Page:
Serving Arizona State University Online Since 1995  Current Issue: Tuesday, February 03, 2004





Mayoral candidates face off at forums
City council and mayoral candidates for the City of Tempe addressed community concerns and their plans for the city's future in two forums Monday. Among the more heavily discussed topics were the Arizona Biodesign Institute and the proposed construction of approximately 10,000 units of student housing.

ASASU touts fees to improve MU, SRC
Students should support fees for improvements to the Memorial Union and Student Recreation Complex, two ASASU representatives said at a student tuition forum Monday night.

The forum was held to gauge student opinion about tuition and fee increases. Undergraduate Student Government President Brandon Goad said even if students do not approve the MU and SRC fees, they would pay the $40 in the fall of 2004 anyway. Instead of going toward the MU and SRC, the money would be tacked on to tuition, he said.

Police Beat:Caught in the act
Tempe police reported the following incidents Monday: A 24-year-old Phoenix man was arrested on charges of assault and domestic violence near the 100 block of West University Drive after he punched his brother-in-law in the face, causing injury to his right eye.

Crow recommends $335 increase
ASU President Michael Crow recommended a $335 tuition increase for in-state undergraduates, and a $670 tuition increase for nonresident undergraduates, to the Arizona Board of Regents on Monday.

Crow's proposal is about a third of the $1,000 increase approved last year by the board, and less than the increases recommended by the presidents of NAU and UA.

Kucinich to students: War has been 'sad chapter' for U.S.
Ohio Rep. Dennis Kucinich denounced President George W. Bush's policies concerning Iraq on Monday, in the second visit from a Democratic presidential candidate to ASU in four months.

Kucinich climbed out of a silver mini-van at University Drive and College Avenue at noon and, with a band of about 35 supporters, walked down Cady Mall, through the Memorial Union and on toward the Student Services Building.

'Triplets of Belleville': French animation dazzles, puzzles audiences
At some point, people realize words are a small facet of communication. They are sprinkles of detail dashed onto an entree of facial expressions and gestures. Humans, to some extent, have a common body language and know the seasons of the eyes. Transcending the confines of the tongue, Sylvain Chomet's The Triplets of Belleville speaks in smiles, stomps, whistle blows and muted teacher-from-Snoopy-ish honks.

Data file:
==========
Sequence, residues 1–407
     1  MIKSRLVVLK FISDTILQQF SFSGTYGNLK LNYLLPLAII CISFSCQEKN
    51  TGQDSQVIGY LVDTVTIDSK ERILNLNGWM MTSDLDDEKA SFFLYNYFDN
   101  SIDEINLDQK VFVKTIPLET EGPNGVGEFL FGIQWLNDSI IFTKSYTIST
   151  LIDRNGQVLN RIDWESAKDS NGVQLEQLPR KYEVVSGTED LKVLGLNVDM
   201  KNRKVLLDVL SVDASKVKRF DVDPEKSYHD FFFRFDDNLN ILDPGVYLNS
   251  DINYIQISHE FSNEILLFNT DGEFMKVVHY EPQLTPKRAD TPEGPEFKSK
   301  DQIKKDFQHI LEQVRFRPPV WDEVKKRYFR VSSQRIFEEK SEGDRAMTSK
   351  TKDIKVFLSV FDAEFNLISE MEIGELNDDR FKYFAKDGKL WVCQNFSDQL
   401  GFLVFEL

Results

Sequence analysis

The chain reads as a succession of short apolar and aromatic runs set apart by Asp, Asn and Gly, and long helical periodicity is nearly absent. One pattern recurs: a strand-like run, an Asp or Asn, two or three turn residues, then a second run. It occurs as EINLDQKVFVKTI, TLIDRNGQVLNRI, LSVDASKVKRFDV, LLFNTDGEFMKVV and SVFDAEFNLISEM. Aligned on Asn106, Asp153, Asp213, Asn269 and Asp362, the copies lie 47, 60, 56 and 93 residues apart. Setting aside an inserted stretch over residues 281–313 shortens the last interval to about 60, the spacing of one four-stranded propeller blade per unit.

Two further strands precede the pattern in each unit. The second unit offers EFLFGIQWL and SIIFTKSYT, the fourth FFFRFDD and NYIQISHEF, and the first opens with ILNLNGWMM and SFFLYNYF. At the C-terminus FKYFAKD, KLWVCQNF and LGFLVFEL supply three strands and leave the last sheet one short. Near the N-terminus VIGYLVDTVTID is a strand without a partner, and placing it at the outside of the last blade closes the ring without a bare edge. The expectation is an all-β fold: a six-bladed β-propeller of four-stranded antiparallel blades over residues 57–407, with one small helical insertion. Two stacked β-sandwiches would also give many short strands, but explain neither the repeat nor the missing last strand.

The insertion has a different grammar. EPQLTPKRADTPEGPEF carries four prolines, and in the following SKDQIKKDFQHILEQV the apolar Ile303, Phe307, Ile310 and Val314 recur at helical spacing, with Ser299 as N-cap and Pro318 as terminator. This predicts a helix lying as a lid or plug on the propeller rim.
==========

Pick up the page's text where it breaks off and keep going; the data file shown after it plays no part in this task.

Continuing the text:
'Mario Kart' continues to impress
Road rage just became a team sport. So put away your car keys, pick up a joystick, and leave the Arizona streets to the snowbirds, it's time to engage in some therapeutic road rage. Mario Kart: Double Dash!! is the long awaited sequel to the 1992 release of Super Mario Kart and the 1998 release of Mario Kart 64.

Preview: 'Jet Li: Rise of Honor' falls
I am not one to harp on a fighting game, but the demo I played of Jet Li: Rise to Honor for the PS2 needs quite a bit of work before it hits store shelves. The levels, characters, and the life-like look of Jet Li were astonishing but it always turns out to be the controls.

'The Big Bounce' to the rental shelf, late night TV
Elmore Leonard is usually a sure thing at the movies. His deliciously sneaky and sly style of writing novels makes for equally clever movies like Get Shorty and Out of Sight. Although he may have had some slower periods in his life, a bit of a writer's block, his books always entertain, as do most of the movies that are made from them.

Five to Nine: Motaba's twisted identities
"How does that look?" James Henning asks as the final touches of his face paint are put on. He is the lead singer and keyboardist of the band Motaba - and probably it's strangest member. Tonight he has painted dark circles around his eyes and mouth, his hair is in two braids, and he has hair extensions in an area that probably shouldn't be mentioned.

Dives come alive
You might not see them. You might not know they exist. But they are there, lurking on the neighborhood streets of Tempe, below the radar of the mainstream and loving every low-brow minute of it.